Much of Forrester’s thinking on case-based reasoning was informed by his decades-long engagement with the work of Thomas Kuhn, with whom he studied in the early 1970s. The most brilliant essay in the book (‘On Kuhn’s Case’) treats the evolution of Kuhn’s thought as a case study in how the philosophy of science actually works at an individual level. Kuhn, it turns out, came from a family that was steeped in psychoanalysis. His grandmother had analysis in Cincinnati with Alfred Adler, sometime in the 1910s or early 1920s. His mother edited some of Karen Horney’s works. And most important of all, he twice underwent psychoanalysis himself, first (briefly) as a child, and again as an adult, between 1946 and 1948. The end of this second analysis coincided with two great changes in Kuhn’s life. He was admitted into the Society of Fellows at Harvard which enabled him to abandon his career as a theoretical physicist and to become a historian of science instead. And he embarked on a marriage that lasted 30 years. He decided to abandon physics for history when he read Aristotle’s Physics. At first he was baffled by the great man’s obtuseness. How could someone who had written so penetratingly on so many other subjects have got the laws of the physics so wrong? But one day it dawned on him that Aristotle was investing concepts like ‘motion’ with completely different meanings from the Newtonian ones he had learned as a boy, and that, once he had made allowances for this altered usage, Aristotle’s physics not only made sense but was far in advance of its time. This Gestalt shift in his own thinking was the first instance of the famous ‘paradigm shift’ which became the master idea of Kuhn’s book The Structure of Scientific Revolutions (1962). Forrester leaves us in no doubt that it was the result of analysis. In an interview published in 2000, Kuhn stated that it was while he was in analysis that he learned ‘to climb inside people’s heads’. He recognised that this ability was central to his work as a historian of science and that for this reason he owed psychoanalysis ‘a tremendous debt’, even though he didn’t much enjoy being a patient. The Aristotle epiphany occurred while he was in analysis. Forrester points out that Kuhn’s method was both individualistic and psychologistic. Kuhn called himself an internalist historian of science because of his overriding preoccupation with the problems his subjects were trying to solve. The historical contexts in which they tried to solve them were a secondary matter. But he was an internalist in the more informal sense that he worked by climbing into other people’s heads. In the same interview Kuhn recalled feeling he could ‘read texts, get inside the heads of the people who wrote them, better than anybody in the world’. These other people were encountered as auxiliary selves – extensions of himself. Forrester quotes several anecdotes Kuhn told about himself in which new selves – famous scientists all – would arise almost in the manner of out-of-body experiences.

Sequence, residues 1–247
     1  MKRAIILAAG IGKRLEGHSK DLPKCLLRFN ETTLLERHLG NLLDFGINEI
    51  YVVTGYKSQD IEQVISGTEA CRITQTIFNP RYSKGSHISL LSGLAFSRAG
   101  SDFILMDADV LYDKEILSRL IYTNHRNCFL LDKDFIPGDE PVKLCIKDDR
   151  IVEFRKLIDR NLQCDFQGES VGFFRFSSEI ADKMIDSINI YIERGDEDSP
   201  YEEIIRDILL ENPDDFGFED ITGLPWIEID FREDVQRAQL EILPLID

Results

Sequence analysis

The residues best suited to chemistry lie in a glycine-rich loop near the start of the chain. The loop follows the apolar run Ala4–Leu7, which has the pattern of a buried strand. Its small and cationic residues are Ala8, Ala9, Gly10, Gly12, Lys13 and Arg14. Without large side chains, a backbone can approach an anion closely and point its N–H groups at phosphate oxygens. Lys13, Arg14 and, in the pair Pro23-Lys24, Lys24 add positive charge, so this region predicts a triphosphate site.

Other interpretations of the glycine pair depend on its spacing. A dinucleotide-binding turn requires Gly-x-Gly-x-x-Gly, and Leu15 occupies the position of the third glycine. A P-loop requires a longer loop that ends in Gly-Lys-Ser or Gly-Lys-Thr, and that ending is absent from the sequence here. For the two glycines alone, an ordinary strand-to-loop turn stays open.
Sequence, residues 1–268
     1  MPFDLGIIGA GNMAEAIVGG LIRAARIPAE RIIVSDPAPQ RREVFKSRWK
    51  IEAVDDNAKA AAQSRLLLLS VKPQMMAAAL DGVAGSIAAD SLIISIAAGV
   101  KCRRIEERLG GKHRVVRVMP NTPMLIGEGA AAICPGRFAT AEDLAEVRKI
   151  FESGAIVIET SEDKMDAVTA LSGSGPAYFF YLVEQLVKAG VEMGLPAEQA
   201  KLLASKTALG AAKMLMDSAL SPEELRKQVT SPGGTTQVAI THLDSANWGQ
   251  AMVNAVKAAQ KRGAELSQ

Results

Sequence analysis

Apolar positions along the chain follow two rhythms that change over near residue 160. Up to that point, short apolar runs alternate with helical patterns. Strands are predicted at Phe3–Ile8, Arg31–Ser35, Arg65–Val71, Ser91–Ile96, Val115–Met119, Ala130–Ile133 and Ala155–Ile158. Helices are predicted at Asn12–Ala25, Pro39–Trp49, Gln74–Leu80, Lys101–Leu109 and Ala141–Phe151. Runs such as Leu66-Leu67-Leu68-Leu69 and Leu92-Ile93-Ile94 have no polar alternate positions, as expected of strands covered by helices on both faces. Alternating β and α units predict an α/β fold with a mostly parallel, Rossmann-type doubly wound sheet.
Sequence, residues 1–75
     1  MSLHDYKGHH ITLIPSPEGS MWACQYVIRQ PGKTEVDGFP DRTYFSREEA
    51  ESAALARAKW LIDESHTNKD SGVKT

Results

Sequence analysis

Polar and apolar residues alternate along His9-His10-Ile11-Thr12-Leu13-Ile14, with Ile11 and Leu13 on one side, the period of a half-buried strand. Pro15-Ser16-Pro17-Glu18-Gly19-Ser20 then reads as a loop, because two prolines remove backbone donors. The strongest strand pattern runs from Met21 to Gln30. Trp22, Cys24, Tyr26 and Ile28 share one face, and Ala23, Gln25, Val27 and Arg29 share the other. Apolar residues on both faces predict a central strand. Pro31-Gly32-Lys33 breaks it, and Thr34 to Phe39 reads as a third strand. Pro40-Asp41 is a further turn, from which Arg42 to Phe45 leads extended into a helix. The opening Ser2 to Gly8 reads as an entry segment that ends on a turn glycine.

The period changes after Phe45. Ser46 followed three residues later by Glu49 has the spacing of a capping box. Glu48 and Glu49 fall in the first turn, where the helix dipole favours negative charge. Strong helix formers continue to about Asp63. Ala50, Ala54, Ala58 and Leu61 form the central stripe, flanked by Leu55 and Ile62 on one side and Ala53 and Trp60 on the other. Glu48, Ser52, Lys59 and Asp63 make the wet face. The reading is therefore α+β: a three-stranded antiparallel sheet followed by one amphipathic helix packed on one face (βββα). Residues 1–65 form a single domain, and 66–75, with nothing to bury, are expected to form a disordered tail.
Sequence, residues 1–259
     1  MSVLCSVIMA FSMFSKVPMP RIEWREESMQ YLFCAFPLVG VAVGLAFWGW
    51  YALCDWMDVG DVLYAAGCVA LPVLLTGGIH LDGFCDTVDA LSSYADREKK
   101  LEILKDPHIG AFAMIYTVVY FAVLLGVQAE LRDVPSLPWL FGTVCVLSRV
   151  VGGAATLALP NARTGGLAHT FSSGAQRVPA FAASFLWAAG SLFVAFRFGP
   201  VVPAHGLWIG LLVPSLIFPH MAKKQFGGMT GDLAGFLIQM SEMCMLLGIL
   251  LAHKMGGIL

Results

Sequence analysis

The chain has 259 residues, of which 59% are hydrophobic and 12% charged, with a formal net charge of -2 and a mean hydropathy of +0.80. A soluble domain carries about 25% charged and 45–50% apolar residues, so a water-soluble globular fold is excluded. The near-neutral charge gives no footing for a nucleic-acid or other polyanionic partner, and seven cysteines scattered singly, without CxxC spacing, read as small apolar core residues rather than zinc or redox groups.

The other highlights of the book for me were two pieces on the LA analyst, Robert J. Stoller (1924-99). The first puts forward an extended speculation concerning Stoller’s analysis of a woman on whom he conferred the pseudonym Belle. Belle is the protagonist of one of Stoller’s best books, Sexual Excitement: The Dynamics of Erotic Life (1986). The turning-point in Belle’s analysis occurred when she described a daydream she’d nurtured from childhood in which a figure called The Director instructed her to humiliate herself sexually before a group of adults (and sometimes animals). Stoller was bothered by what he took to be his patient’s seductive behaviour towards him. It was only in retrospect he realised she was pressing him into the role of the Director. (Belle’s mother was a famous Hollywood actress who took up with a number of Directors. The injunction to perform was everywhere in family life.) Forrester suggests it was from Belle that Stoller drew his controversial theory that sexual excitement ultimately depended on hostility. He suggests that the book detailing her case history, written years after her treatment ended, was an attempt to model a more benign form of watchfulness for her. Stoller consulted Belle over every draft of the book and gave her carte blanche to alter anything she didn’t agree with. It was sobering for them both to discover that they had very different views of what had been valuable in their work together. Forrester suggests that the writing of the book was the decisive part of the treatment for through it he showed her that he didn’t need to be entertained by her. ‘If he had not published his book,’ he writes, ‘her analysis would have been a failure.’